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Embark 2018 Disengagement Report

Embark is the leading developer of driving automation systems specifically designed for
interstate trucking. We are focused on developing the software and hardware that will eventually
power Level 4 self-driving trucks on long-haul interstate routes.

Today - to support the development of that software and hardware - Embark operates a fleet of
conventional, FMVSS-compliant trucks outfitted with Embark systems, in consultation with key
OEMs and Tier 1 suppliers. Embark’s public testing is limited to Level 2 automation 1, which
includes a commercial driver with hands required to be on the wheel, trained to supervise both
system performance and driving environment. Embark’s trucks cannot currently operate without
a driver.

In order to develop systems that can easily integrate into existing interstate freight operations,
Embark’s trucks move freight for real customers, including multiple Fortune 500 companies. In
2018, Embark continued to expand its fleet of trucks based in our Southern California
operations center, drove over 124,000 automated miles, and completed the first ever cross-
country trip by an automated truck.

Voluntary Disengagement Reporting

As Embark currently operates driving automation systems limited to Level 2 in agreement with
the California Department of Motor Vehicles, at this time Embark is not required to submit an
annual report as described in California Code of Regulations Title 13, Article 3.7, §227.50.

However, we strongly believe that transparent, consistent, and public testing data published by
each automated vehicle developer is an important first step to building public trust around these
systems. Therefore, we have chosen to voluntarily release the following key statistics:

Total miles driven in automated mode
124,062 miles
(12/1/2017 - 11/30/2018)

Q4 2018 disengagement rate 1,392 miles per disengagement

According to SAE J3016 Surface Vehicle Recommended Practice “Taxonomy and Definitions for Terms
Related to Driving Automation Systems for On-Road Motor Vehicles,” June 2018 Update

Total miles include all system operation in the U.S. and are not exclusive to California.

To differentiate system disengagements as defined in §227.50 from other events, such as
voluntary end of testing, Embark uses a simulator to “replay” each deactivation. Events flagged
as safety-relevant were then reviewed manually to confirm each met the disengagement criteria.

To provide a representation of the system’s current abilities, we have published a
disengagement rate above that includes all miles traveled divided by all disengagements, during
release runs from October 1 - December 31, 2018. This rate of 1,392 miles per disengagement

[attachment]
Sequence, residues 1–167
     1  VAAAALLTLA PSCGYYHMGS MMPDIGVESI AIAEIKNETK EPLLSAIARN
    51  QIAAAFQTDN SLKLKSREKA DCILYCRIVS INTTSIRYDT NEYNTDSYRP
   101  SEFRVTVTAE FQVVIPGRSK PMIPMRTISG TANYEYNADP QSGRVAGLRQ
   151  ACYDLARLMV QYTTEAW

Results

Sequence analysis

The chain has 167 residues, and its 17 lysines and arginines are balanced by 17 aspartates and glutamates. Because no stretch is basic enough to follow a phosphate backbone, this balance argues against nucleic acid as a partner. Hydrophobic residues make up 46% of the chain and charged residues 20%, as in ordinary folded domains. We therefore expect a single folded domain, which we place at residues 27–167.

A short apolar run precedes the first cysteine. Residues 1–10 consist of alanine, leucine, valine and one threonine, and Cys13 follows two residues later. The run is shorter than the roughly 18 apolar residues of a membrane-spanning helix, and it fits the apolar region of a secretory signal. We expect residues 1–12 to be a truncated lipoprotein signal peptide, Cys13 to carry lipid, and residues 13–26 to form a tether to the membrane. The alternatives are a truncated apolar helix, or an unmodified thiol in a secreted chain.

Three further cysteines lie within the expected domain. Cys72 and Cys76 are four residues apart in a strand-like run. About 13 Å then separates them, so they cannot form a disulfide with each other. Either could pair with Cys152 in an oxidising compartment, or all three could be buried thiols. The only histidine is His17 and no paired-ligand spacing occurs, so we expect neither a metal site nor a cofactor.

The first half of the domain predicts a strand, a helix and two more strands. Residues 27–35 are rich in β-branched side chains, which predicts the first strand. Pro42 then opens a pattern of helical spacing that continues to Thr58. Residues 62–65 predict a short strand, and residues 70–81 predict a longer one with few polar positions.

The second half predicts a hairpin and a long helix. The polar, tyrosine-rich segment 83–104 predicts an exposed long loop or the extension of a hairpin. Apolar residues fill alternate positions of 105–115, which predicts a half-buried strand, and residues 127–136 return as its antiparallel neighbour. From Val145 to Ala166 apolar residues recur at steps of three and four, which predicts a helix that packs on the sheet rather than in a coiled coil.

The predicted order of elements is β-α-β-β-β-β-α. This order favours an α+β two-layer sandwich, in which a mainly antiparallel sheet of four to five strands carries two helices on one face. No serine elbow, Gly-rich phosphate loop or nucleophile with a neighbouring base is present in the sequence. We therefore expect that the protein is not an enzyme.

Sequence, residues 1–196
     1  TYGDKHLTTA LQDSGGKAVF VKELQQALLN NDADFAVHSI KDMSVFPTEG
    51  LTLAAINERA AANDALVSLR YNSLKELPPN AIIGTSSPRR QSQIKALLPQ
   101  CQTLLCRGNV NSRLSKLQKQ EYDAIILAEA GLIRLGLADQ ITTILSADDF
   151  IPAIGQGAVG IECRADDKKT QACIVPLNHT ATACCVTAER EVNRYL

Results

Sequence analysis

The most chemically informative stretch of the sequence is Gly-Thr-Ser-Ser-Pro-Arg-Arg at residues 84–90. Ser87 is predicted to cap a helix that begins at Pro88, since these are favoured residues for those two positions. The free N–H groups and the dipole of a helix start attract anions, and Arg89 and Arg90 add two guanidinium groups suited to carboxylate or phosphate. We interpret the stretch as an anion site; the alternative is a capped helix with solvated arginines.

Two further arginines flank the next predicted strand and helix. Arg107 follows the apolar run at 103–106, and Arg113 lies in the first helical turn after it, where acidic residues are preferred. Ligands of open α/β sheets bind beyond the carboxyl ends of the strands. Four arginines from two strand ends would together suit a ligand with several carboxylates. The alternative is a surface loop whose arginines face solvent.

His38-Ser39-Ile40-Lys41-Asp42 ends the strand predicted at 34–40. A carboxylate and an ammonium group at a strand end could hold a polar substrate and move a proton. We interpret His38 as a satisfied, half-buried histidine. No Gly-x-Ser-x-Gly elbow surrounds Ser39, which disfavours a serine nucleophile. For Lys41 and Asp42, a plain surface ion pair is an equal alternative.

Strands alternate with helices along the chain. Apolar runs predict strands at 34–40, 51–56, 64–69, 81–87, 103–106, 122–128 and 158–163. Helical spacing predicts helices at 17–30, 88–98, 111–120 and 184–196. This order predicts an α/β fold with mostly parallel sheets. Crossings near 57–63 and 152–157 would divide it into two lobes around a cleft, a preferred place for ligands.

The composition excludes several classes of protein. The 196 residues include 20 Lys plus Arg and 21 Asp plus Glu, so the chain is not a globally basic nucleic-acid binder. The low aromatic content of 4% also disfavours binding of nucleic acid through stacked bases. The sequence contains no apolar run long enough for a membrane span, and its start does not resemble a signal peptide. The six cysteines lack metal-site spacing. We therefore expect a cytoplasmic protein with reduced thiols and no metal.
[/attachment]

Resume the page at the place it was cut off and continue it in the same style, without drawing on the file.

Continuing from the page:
includes all miles traveled and disengagements in the U.S. and is not exclusive to California.

Safety as Primary Focus

In order to ensure safety is the highest priority every time an Embark truck is on the road, we
have adopted a range of testing best practices. These protocols seek to eliminate behavior that
has contributed to known automated vehicle testing crashes at other companies, and
proactively anticipate and address issues that could lead to future unsafe operation.

Embark testing is limited to 2-person teams of trained drivers and operators and includes
internal/external video monitoring and audits of driver behavior. We are constantly refining our
testing methods to anticipate and address potential future issues that would interfere with the
safe operation of the vehicle or driving automation system, including using AI to automatically
identify distracted and fatigued driving behavior.

Future Improvements to Disengagement Reporting

While the current reporting system mandated by California provides a consistent baseline for
autonomous (Level 3+) light vehicle testing data, we look forward to working with industry
partners and the California Department of Motor Vehicles to refine the type of information
requested from automated vehicle developers in order to further improve transparency,
accountability, and public understanding of how these vehicles are being used.

Additionally, we stand ready to partner with the California Department of Motor Vehicles,
California Highway Patrol, the California State Legislature and other relevant stakeholders to
develop rules that more fully reflect the state of the automated vehicle industry, including
provisions for the testing and deployment of autonomous (Level 3+) vehicles over 10,000 lbs.


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Alex Rodrigues, CEO Jonny Morris, Head of Public Policy